Dan Davies Is Right – We’ve Not Had A Proper Recession For Decades

1
417

Those still nursing tender bruises from the Crash aren’t going to like this idea but Dan Davies is interestingly correct here – we’ve not had a proper recession for ages. Decades in fact. Because we’ve not had a recession that is simply a turn of the business cycle, we’ve had a series of disasters which we’ve attempted to cure. Davies’ point is that we’re not prepared for the coming recession, which will be a normal one, simply because we’ve got out of the habit of dealing with normal recessions. There’s an interesting implication of this though:

If we look back in time, we’re currently in the (surprisingly weak and slow) recovery process from a financial market meltdown in 2008 caused by the global real estate bubble. That bubble was itself basically caused by the interest rate policy response to the early 2000s recession associated with the dotcom and telecom bubbles. And it’s certainly possible to argue that a contributor to that telecom debt bubble was the “global savings glut” brought about by the late 1990s Asian and Russian financial crises. There’s a strong sense in which the world never completed the 1994-5 business cycle, having been interrupted in doing so by successive “committees to save the world”.

We’ve been living a sort of Groundhog Day existence ever since, constantly waking up to news of a financial crisis and trying over and over again to lower interest rates in just the right way to fix it. But financial meltdowns aren’t the usual way in which recessions happen, and emergency credit lines and taxpayer bailouts aren’t the usual way that they’re prevented or managed. What normally happens is that there’s a shock of some sort to business confidence – say, political uncertainty or trade restrictions, as we’re seeing at the moment – and companies react to this by cutting back investment plans. Lower investment means lower overall demand in the economy, which justifies the original lack of confidence and triggers another round of belt-tightening, which also turns into a self-fulfilling prophecy. Things only come to an end either when there’s nothing more to cut and capital expenditure can’t be delayed any more, or (more hopefully) when the government realises that it has to make up the shortfall with deficit spending.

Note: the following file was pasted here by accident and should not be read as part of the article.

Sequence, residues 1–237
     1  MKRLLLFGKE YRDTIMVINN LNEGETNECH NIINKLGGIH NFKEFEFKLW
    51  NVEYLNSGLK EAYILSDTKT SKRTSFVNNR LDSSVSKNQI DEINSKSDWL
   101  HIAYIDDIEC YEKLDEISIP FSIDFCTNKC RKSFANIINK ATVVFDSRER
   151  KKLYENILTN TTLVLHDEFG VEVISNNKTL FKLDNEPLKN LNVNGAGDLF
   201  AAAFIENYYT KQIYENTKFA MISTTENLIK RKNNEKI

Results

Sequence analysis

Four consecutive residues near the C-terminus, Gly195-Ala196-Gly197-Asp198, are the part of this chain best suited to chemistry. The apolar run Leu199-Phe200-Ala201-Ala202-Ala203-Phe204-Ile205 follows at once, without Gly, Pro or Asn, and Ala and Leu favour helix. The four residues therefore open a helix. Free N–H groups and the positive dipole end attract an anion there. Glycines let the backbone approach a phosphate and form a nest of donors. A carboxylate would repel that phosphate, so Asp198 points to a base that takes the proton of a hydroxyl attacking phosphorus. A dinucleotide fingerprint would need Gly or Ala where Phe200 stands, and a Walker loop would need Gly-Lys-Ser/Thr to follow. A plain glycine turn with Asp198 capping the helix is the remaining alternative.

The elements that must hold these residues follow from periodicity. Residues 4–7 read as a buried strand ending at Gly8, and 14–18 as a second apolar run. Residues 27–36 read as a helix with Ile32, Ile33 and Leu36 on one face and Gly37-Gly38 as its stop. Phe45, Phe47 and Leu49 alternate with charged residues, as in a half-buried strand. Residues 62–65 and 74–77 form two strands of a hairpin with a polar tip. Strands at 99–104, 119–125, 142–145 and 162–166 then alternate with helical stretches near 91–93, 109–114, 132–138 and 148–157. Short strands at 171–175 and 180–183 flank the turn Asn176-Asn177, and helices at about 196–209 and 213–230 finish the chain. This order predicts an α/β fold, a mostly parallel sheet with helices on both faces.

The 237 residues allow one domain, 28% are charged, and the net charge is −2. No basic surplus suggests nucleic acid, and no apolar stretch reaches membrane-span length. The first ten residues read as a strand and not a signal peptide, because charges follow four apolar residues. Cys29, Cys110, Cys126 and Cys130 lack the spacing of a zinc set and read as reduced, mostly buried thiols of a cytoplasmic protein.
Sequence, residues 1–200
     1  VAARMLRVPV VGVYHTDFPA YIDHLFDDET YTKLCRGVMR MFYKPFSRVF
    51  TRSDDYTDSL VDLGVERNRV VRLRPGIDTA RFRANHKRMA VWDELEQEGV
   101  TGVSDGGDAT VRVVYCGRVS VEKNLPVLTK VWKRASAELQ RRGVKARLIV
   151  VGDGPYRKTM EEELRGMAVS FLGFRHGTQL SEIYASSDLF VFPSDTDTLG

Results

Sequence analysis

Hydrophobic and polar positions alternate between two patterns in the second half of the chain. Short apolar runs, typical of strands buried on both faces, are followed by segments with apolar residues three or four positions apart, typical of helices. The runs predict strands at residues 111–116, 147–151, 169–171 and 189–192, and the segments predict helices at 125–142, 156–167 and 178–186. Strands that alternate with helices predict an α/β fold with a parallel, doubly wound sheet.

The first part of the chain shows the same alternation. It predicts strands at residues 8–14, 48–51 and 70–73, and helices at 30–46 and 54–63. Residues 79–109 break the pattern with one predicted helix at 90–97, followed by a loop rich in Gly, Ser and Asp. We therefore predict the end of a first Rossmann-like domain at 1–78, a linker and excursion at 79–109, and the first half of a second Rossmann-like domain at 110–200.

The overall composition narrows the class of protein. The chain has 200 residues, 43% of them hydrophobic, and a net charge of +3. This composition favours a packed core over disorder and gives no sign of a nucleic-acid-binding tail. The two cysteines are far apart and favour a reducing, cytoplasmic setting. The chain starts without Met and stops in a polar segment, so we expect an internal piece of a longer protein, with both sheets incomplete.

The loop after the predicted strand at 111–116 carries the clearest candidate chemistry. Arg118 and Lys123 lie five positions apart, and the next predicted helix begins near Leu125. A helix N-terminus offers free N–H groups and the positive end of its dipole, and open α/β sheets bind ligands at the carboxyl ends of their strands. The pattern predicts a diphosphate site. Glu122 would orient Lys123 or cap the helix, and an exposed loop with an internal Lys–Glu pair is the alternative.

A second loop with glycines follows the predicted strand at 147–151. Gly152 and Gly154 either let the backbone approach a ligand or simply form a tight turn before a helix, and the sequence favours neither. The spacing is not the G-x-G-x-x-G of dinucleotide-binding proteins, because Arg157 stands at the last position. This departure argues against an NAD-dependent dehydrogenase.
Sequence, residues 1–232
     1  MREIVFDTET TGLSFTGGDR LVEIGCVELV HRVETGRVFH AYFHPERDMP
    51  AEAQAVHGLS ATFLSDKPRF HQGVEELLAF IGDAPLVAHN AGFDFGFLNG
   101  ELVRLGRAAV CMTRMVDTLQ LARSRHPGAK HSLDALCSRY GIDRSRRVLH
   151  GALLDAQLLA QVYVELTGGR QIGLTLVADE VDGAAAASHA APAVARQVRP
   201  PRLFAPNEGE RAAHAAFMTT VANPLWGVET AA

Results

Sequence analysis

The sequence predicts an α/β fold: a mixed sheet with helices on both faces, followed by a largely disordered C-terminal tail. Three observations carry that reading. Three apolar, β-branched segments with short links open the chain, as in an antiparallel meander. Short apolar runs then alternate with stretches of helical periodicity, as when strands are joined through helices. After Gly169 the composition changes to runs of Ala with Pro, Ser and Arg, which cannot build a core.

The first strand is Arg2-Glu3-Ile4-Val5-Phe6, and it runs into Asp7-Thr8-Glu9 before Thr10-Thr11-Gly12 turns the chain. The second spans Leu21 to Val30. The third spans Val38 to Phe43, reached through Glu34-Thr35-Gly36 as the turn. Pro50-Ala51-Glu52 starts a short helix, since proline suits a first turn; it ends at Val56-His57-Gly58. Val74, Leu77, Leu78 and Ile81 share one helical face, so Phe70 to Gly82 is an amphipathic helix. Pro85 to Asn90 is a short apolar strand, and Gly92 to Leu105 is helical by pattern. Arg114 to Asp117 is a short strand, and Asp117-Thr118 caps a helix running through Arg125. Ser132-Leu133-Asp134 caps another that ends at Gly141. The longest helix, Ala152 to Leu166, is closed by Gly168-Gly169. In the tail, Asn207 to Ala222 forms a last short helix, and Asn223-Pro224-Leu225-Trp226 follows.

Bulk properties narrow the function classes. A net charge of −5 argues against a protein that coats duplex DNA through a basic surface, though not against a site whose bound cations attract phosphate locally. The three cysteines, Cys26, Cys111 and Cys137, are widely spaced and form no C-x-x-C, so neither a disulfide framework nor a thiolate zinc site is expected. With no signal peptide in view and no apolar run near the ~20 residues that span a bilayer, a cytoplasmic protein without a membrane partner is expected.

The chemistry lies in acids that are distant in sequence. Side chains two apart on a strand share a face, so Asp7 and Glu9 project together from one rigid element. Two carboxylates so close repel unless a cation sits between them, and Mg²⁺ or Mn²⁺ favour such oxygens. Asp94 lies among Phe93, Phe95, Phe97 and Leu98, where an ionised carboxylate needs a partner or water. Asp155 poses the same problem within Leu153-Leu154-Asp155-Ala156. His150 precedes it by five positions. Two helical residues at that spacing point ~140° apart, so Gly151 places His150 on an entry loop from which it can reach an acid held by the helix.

As a pencil sketch – all you can do in a single article – that’s rather good. So, fine, let’s run with that. We’ve not had a normal recession for ages, one will come along soon enough and we’ve forgotten how to deal with it.

However, we can take this idea a little further too. Off into the wild spaces of Austrian theory. There a recession happens because of the built up malinvestment across the economy. Essentially, when it’s too easy to finance stuff then too much bad stuff gets financed. We need the regular recession to flick off the froth and get back to a more sensible allocation of capital.

My own view is that there is no one correct macroeconomic theory but that all of them contain elements of the truth. The trick is to work out which theory to apply to which happenstance. Reorganising the Soviet economy wasn’t going to be done by a bit of Keynesian demand management, there was a century of misallocation to chew through. Getting out of 2008 was different because it was the financial system that had fallen over, we didn’t just have that cyclical decline in business investment. Etc. Austrians can – perish the thought, eh? – be a little too fervent in the insistence that all recessions are about misallocation that must be purged.

But note the underlying thing we can pick up from Davies here. We’ve been staving off that normal recession for decades through that management. Perhaps it’s not all that good an idea to continually do that? He really does say that the Crash stemmed from those attempts to stave off after all. Thus, in a sense, we could argue that we’re going to get the recessionary horrors come what may. Even Keynesian demand management might not be the correct solution if it just gives us once in a generation collapses rather than more regular downturns?

That is, perhaps the Austrians are at least in part right? We need the regular purges for fear of something worse?